Greenleaf came to the realization that a newfound leader should be someone that servants or workers can relate to.[2] Leo was seen as a servant, but when the other servants realized that things fell apart without him, he became far more than just a servant to them. This is Greenleaf's idea of what a servant leader should be.[1] Greenleaf first put his idea of servant leadership to use in an organizational sense while he was working as an executive at AT&T.[1]

Servant leadership entered the arena of research in 1998[12] with the publication of the first peer-reviewed servant leadership scale, and since then, over 270 peer-reviewed articles have been published across 122 academic journals. The year 2008 was a significant year in servant leadership research with the publication of two seminal papers by Sen Sendjaya, James C. Sarros, and Joseph C. Santora[13] as well as Liden, Wayne, Zhao, and Henderson,[13] and the first publications using Ehrhart's (2004) measure.[14][15]

Greenleaf's original formulation


The most important characteristic in being a servant leader, according to Greenleaf, is making one's main priority to serve rather than to lead. According to Ginny Boyum, Greenleaf proposed that servant leaders should serve first, make the needs of others their main priority, and find success and "power" in the growth of others; summarily, "A servant can only become a leader if a leader remains a servant".[3] In simpler terms, servant leaders should seek to be servants first, to care for the needs of all others around them, to ensure growth of future leaders. These traits indicate one is a servant leader because, overall, they are causing the ones they serve to become healthier and wiser, guiding others toward self-improvement. Eventually, the served are driven to possess the traits of a servant leader as well, continuing the spread of the leadership style.[3]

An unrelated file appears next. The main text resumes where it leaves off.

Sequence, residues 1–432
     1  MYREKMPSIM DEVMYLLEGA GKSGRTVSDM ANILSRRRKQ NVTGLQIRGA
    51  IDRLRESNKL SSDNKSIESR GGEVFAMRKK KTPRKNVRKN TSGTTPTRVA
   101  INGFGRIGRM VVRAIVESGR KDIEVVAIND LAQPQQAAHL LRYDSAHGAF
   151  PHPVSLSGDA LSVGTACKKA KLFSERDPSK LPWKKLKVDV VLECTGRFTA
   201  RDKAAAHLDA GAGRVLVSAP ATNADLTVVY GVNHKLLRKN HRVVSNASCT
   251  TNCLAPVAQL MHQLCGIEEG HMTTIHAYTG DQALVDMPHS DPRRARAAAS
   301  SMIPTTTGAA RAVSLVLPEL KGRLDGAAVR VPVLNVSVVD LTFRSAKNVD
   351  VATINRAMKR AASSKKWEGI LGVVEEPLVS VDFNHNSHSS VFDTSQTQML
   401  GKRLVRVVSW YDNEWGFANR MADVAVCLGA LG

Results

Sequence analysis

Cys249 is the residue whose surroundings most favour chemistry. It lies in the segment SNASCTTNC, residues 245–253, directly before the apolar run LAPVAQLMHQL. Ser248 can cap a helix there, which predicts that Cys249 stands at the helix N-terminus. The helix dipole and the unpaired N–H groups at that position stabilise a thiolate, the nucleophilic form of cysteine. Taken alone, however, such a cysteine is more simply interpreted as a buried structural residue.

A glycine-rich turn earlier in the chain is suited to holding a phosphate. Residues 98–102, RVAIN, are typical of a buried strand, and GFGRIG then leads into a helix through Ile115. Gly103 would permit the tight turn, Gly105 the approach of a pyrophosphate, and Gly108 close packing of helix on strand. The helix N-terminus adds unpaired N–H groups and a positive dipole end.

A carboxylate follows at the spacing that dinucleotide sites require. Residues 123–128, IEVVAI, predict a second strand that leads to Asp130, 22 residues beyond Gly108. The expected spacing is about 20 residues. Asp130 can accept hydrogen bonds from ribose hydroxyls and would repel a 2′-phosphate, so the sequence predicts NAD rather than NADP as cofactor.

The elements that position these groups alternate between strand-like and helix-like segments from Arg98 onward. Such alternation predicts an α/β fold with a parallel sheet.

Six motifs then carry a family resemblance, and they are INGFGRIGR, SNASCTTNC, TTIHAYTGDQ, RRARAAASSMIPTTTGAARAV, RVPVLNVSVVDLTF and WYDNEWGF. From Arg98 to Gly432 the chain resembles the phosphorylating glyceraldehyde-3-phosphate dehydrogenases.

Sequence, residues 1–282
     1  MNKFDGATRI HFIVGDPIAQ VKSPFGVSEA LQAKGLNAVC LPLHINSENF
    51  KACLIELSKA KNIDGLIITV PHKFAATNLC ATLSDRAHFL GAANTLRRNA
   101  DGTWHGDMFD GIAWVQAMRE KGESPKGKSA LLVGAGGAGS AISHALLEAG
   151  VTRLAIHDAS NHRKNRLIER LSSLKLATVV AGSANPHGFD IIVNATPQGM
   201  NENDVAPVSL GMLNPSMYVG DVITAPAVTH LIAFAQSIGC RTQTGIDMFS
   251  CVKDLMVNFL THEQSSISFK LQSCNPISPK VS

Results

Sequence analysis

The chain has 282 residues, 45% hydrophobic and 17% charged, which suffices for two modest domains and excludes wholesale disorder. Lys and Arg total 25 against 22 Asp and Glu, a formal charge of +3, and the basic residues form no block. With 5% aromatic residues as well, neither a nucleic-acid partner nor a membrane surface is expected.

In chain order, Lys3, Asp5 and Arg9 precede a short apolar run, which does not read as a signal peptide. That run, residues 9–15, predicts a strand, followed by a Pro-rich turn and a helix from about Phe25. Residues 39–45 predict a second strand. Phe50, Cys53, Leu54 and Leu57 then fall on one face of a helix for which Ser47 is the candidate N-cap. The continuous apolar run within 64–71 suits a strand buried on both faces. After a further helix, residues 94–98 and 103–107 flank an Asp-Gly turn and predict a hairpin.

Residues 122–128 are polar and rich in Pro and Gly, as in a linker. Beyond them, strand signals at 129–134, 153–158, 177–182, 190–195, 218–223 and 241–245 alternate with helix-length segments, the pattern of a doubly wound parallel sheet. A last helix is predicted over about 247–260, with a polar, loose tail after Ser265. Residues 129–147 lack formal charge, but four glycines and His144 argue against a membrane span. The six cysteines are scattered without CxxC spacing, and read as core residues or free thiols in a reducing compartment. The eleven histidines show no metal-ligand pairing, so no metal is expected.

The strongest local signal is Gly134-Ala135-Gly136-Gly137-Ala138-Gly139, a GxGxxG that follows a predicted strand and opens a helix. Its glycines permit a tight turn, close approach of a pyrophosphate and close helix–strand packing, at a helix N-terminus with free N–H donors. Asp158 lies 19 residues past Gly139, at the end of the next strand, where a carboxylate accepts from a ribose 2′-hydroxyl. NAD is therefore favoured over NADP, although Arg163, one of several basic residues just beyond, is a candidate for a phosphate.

Greenleaf believed the betterment of others to be the true intention of a servant leader: "I serve" in opposition of the traditional "I lead" mentality. The "I serve" mentality is evident in politicians who define their role through public service. From the "I serve" mentality come two premises:

  • I serve because I am the leader, and
  • I am the leader because I serve

The first premise signifies the act of altruism. Altruism is defined as the belief in or practice of disinterested and selfless concern for the well-being of others. Greenleaf declares that servant leadership begins with the natural feeling of wanting to serve first. The act of leadership is in the context of serving others and to serve others. Only through the act of serving does the leader lead other people to be what they are capable of. The second premise of servant leadership ("I am the leader because I serve") begins with a rooted ambition to be a leader or personal ambitions of a leader.[16]